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The more frequent Papa's arrests become, the more Mark realizes what his life as a black man is going to be like.
He will have to carry a pass and it will never be in order – authorities will always be able to find something wrong with it. Mark begins to wonder if it's worth living life like this.
Because families from the reserves keep flooding the area, Mark soon begins to play with boys who grew up in the rural area. Mark begins to believe their superstitions.
Since many adults agree with Mark that the strange things he sees are the work of witches, he begins to think everything unexplainable is witchcraft.
All of life becomes governed by these explanations. The noises Mark heard in the night were the witches riding their baboons. His sisters couldn't eat eggs until puberty because it might interfere with their ability to bear children someday.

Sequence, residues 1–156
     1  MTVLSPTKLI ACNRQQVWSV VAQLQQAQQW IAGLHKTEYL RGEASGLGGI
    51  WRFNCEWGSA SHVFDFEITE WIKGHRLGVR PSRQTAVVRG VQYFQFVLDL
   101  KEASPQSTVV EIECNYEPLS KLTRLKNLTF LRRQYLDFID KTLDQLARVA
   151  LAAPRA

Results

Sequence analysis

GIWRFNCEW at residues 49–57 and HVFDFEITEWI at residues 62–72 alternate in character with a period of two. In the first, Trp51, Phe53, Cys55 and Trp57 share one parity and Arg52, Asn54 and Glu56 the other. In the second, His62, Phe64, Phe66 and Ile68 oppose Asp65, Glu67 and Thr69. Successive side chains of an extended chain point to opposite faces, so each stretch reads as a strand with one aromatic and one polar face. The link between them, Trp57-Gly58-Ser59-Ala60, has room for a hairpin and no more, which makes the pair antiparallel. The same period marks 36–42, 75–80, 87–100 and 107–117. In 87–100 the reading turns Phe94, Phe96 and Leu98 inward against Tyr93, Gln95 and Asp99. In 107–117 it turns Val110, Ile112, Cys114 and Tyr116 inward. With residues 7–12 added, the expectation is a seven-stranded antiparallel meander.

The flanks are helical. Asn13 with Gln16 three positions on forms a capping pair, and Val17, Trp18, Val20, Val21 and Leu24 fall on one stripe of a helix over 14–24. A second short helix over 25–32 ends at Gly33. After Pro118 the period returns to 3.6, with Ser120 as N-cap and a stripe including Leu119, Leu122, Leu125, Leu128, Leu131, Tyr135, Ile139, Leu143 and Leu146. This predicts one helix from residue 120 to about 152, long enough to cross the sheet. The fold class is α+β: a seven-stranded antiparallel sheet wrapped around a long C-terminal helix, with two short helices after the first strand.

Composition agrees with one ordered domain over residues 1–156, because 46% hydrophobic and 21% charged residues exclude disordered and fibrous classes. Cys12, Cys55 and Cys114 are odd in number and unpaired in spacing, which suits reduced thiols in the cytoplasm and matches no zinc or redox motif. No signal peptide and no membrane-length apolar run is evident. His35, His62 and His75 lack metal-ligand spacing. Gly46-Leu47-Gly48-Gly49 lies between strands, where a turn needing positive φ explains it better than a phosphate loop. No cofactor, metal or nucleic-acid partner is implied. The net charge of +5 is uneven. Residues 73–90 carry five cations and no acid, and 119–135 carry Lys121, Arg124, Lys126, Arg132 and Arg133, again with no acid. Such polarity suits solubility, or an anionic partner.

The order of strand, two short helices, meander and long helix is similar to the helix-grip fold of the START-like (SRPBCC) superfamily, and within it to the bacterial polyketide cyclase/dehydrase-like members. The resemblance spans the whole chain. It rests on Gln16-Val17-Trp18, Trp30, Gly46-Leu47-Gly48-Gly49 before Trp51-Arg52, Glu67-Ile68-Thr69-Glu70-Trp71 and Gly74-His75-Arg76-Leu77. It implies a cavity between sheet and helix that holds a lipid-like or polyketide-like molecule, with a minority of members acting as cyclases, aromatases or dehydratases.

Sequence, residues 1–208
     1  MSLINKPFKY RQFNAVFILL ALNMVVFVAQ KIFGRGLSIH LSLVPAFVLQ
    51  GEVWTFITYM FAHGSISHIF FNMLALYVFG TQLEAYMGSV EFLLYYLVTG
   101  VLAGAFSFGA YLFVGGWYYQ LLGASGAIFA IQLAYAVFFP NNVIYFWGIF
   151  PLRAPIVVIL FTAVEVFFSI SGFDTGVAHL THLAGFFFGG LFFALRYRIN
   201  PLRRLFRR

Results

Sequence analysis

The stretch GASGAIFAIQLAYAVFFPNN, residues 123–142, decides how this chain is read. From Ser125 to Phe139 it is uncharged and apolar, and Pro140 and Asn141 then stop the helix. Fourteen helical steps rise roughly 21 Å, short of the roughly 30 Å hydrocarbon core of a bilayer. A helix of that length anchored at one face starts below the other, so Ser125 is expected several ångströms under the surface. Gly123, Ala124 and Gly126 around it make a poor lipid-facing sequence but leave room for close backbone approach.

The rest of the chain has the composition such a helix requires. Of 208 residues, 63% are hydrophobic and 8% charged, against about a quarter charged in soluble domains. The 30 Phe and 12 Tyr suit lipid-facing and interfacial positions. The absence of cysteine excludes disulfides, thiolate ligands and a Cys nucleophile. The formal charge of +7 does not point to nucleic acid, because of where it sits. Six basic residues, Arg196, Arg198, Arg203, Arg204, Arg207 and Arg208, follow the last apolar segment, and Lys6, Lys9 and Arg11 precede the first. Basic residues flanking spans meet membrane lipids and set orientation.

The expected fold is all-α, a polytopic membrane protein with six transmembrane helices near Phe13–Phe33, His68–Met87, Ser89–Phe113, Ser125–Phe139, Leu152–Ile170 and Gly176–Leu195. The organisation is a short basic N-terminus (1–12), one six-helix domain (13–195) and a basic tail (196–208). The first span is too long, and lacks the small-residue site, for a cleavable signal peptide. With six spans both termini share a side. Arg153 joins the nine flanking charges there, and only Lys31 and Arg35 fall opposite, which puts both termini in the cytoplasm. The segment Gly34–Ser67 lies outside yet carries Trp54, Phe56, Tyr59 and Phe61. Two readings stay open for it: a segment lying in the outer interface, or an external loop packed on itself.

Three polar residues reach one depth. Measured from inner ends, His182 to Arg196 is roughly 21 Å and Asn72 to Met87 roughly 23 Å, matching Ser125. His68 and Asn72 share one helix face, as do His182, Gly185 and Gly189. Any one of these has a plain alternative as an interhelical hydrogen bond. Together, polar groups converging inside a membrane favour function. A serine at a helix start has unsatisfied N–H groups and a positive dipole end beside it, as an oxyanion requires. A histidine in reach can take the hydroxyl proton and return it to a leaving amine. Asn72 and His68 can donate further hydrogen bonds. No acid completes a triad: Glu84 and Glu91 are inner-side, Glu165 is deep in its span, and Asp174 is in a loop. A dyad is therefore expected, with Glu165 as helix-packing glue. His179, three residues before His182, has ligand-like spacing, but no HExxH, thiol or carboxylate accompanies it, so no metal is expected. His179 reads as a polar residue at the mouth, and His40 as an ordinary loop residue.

Mark believes all the wild stories until he grows older, and starts asking for better explanations. He begins to realize that although his parents have more life experience than he does, he doesn't have to accept all their explanations as true.
Mark decides to start finding answers out for himself. If those answers agree with his parents' explanations, then so be it. If they don't, he'd know for himself.
But although he knew what he was doing, he knew better than to mention it to his parents.